The Many Benefits of Djembe Drummingby Alpha (Administrator) on 08/07/10
Djembe drumming has been around for centuries and originated roughly in the area between today’s West African countries of
Most people playing the Djembe outside of
Beyond the obvious stress relief and community benefits of getting together to celebrate various events of the daily life, what are the benefits of being immersed in this percussive tradition?
If you are totally novice to the Guinean orchestra concept, and depending on the context in which you play Djembe, you may have no idea about the many benefits of traditional Djembe drumming. Among the many benefits of Djembe drumming played in a Guinean-style orchestra, we observe the following from the players:
- Improve listening skills and develop multitasking abilities:
Listening to different repetitive musical patterns from 8 or more different musical instruments simultaneously is quite a challenge.
In a class environment, most students quickly realize the individual and group challenge of playing in a Guinean-style orchestra from the very first class.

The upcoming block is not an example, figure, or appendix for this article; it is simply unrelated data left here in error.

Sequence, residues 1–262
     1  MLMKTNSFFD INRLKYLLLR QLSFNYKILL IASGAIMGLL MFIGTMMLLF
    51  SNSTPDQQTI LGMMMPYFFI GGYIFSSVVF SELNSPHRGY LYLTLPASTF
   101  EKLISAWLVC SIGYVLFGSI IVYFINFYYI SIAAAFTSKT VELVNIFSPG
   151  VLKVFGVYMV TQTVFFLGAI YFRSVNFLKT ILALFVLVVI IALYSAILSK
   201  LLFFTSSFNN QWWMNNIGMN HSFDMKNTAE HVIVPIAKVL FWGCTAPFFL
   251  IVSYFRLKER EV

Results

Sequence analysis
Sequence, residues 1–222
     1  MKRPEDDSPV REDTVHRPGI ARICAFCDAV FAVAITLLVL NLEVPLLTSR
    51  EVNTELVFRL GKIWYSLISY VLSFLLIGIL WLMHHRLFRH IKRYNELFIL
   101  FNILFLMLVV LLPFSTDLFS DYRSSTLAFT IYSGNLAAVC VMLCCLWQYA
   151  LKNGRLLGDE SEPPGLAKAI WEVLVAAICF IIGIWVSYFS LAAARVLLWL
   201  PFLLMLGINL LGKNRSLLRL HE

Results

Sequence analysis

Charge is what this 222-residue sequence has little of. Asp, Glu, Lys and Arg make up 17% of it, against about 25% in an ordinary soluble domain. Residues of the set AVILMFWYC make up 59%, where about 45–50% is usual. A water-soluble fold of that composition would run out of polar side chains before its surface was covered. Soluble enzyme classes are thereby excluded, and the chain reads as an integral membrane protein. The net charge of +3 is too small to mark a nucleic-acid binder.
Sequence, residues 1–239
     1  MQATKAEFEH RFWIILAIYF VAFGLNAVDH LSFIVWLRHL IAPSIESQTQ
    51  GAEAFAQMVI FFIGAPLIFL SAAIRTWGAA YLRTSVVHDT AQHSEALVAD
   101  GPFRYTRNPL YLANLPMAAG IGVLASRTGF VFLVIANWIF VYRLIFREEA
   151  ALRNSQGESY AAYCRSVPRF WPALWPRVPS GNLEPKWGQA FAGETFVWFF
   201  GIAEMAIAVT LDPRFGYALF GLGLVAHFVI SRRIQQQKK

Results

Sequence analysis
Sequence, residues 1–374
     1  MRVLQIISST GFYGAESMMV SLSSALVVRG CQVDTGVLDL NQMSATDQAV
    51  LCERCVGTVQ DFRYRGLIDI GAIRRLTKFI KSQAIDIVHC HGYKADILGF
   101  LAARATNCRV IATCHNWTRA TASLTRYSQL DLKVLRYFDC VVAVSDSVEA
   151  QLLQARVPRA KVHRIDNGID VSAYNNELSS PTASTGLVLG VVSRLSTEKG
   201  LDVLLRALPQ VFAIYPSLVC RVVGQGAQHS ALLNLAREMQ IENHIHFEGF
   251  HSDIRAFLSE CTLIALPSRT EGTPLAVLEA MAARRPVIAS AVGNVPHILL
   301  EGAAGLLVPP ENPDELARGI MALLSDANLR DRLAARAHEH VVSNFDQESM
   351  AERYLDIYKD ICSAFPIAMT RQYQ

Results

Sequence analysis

Initially, you may only be able to focus on yourself and what you are playing, while listening to the rest of the orchestra might make you lose your drumming pattern. After a few classes, you will notice that you can begin to listen to other instruments of the orchestra, while continuing to play your attributed pattern.
After a few months, depending on the person, you may clearly be able to listen to multiple distinct patterns while easily playing your own.
Eventually, you will reach the point when you can hear the full orchestra and all of its percussive instruments; together with all its complexity… this is when the magic happens! . You will then hear the result of 800 years of perfected rhythms. You have to experience this to understand it, as it is very hard to describe.
In theory, all participants are part of the same orchestra and are all playing together, but at an individual level, each individual could be hearing something totally different, depending on the level that they are at.
- Improve the way you work in a team: